Transitioning from “Dr. Google” to “Dr. ChatGPT”: the advent of artificial intelligence chatbots
Editorial Commentary

Transitioning from “Dr. Google” to “Dr. ChatGPT”: the advent of artificial intelligence chatbots

Enrico Checcucci1, Severin Rodler2,3,4, Pietro Piazza5, Francesco Porpiglia6, Giovanni Enrico Cacciamani2,3

1Department of Surgery, Candiolo Cancer Institute (FPO-IRCCS), Candiolo, Italy; 2Catherine and Joseph Aresty Department of Urology, Keck School of Medicine, USC Institute of Urology, Los Angeles, CA, USA; 3Artificial Intelligence Center at USC Institute of Urology, Los Angeles, CA, USA; 4Department of Urology, University Hospital of Munich (LMU), Munich, Germany; 5Division of Urology, IRCCS Azienda Ospedaliero- Universitaria di Bologna, Bologna, Italy; 6Department of Oncology, Division of Urology, University of Turin, San Luigi Gonzaga Hospital, Orbassano, TO, Italy

Correspondence to: Enrico Checcucci, MD. Department of Surgery, Candiolo Cancer Institute (FPO-IRCCS), Strada Provinciale 142, km 3.95, 10060 Candiolo, Turin, Italy. Email:

Comment on: Musheyev D, Pan A, Loeb S, et al. How Well Do Artificial Intelligence Chatbots Respond to the Top Search Queries About Urological Malignancies? Eur Urol 2024;85:13-6.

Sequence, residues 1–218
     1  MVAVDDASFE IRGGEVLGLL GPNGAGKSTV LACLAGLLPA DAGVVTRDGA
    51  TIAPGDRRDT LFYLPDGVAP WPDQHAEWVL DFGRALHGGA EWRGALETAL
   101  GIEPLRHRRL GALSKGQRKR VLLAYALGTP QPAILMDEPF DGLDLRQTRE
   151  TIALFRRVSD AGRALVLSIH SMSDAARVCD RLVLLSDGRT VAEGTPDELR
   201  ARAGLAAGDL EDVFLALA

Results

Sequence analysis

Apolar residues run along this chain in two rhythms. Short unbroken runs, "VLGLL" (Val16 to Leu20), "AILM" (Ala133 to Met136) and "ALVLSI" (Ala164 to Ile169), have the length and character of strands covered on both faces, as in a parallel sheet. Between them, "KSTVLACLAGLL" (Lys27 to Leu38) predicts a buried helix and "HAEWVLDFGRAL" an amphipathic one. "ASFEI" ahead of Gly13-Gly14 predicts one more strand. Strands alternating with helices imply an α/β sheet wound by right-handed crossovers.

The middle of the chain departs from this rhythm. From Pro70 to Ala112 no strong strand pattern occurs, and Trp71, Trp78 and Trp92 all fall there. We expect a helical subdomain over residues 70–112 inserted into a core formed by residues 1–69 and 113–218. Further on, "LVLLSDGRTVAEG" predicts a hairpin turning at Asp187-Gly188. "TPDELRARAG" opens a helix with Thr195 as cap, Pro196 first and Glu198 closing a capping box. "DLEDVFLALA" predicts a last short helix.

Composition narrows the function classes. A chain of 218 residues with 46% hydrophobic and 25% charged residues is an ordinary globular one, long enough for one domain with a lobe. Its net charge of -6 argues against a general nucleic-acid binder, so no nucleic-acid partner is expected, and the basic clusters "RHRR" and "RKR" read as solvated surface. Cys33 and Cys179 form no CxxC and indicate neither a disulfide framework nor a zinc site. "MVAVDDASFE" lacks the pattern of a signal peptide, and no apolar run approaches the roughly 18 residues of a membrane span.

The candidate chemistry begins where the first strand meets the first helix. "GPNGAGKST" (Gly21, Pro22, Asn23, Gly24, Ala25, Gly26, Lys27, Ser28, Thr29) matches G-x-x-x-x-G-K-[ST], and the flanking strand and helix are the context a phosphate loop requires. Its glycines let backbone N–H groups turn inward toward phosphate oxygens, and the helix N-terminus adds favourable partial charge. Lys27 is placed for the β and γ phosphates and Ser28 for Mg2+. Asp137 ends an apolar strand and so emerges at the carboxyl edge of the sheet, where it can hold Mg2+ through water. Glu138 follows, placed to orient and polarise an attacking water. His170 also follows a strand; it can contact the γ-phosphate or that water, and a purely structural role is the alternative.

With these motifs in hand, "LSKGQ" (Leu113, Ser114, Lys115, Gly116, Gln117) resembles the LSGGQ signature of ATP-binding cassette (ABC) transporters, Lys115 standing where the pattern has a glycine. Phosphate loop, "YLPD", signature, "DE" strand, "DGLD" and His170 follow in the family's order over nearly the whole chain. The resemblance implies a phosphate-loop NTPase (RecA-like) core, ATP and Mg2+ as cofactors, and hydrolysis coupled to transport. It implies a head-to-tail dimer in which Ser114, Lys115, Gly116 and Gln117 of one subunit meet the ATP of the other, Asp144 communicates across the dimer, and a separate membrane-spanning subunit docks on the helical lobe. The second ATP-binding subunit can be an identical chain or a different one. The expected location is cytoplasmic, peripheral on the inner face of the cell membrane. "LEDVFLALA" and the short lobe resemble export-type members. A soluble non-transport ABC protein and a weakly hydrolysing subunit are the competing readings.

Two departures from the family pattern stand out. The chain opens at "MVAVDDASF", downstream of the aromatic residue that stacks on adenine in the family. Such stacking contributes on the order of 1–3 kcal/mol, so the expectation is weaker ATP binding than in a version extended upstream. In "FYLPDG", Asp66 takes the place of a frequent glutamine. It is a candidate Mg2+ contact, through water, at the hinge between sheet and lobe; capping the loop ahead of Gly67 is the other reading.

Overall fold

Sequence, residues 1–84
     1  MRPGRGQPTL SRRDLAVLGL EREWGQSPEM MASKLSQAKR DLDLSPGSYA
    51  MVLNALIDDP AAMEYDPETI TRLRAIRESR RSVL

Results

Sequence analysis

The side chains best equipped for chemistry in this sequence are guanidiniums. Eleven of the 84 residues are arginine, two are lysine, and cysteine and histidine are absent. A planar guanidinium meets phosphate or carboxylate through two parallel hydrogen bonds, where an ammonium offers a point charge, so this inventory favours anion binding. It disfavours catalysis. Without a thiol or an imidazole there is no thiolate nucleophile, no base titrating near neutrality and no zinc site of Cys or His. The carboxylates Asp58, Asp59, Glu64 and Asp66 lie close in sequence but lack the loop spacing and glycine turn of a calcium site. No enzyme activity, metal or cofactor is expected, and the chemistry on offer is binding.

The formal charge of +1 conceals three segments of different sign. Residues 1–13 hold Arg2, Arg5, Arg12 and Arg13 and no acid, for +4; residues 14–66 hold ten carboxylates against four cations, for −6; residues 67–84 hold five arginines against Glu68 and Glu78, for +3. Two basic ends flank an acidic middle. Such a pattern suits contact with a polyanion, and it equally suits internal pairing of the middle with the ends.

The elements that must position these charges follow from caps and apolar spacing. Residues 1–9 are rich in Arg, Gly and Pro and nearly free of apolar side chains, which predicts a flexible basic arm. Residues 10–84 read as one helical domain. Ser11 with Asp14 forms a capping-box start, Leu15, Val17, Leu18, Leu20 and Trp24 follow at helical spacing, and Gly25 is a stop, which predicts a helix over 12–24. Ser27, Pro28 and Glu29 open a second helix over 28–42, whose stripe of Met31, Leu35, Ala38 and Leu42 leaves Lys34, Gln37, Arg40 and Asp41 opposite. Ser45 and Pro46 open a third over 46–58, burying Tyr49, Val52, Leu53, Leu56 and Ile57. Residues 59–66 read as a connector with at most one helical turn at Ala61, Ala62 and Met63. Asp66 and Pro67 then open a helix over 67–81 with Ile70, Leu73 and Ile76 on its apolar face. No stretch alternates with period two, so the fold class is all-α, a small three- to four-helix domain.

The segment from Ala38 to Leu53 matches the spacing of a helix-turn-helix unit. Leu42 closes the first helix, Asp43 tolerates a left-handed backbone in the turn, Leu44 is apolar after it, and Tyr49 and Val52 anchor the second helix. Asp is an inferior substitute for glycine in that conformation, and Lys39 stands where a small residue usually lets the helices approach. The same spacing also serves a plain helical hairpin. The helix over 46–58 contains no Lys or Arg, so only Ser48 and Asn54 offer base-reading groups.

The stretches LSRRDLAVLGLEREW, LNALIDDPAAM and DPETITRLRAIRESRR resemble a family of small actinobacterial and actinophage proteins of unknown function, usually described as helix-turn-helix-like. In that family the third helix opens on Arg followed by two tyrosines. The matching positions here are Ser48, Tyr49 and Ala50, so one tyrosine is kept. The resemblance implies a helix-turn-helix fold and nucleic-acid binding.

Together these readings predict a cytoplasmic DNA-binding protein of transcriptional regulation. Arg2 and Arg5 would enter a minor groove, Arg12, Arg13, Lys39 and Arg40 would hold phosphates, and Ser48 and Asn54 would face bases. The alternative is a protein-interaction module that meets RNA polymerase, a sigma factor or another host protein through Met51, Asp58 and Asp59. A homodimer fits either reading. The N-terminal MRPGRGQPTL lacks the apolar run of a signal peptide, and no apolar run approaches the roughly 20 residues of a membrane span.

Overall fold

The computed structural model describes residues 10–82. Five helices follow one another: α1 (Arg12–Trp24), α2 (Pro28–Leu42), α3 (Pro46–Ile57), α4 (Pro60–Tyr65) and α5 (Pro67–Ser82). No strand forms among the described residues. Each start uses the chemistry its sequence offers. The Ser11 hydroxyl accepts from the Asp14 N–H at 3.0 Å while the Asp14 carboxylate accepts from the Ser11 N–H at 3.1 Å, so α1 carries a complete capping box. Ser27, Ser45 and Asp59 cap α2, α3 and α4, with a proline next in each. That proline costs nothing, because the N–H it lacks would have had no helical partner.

Keywords: Artificial intelligence (AI); large language model (LLM); Dr. Google; Dr. ChatGPT

Submitted Dec 08, 2023. Accepted for publication Apr 09, 2024. Published online May 23, 2024.

doi: 10.21037/tau-23-629

In the era of digital data, the Internet has emerged as a central source from which people obtain healthcare information. Patients seek information from the Internet both prior to and following the diagnosis of urological conditions, making web-based health data an integral part of the decision-making process (1). This trend of utilizing online health information is on a rapid rise, significantly influencing healthcare choices. In the last 2 years of the previous decade, the unprecedented impact of web-based research on patients’ choices and orientation culminated in the term “Dr. Google” (2).

More recently, the advent of the coronavirus disease 2019 (COVID-19) pandemic further increased the digital literacy of both patients and physicians, resulting in an even wider adoption of digital consultations (3,4). Parallelly, new social media platforms such as Instagram or Tik Tok emerged, where significant public attention and interaction are experienced, notwithstanding the partially poor quality and low reliability of the content (5,6).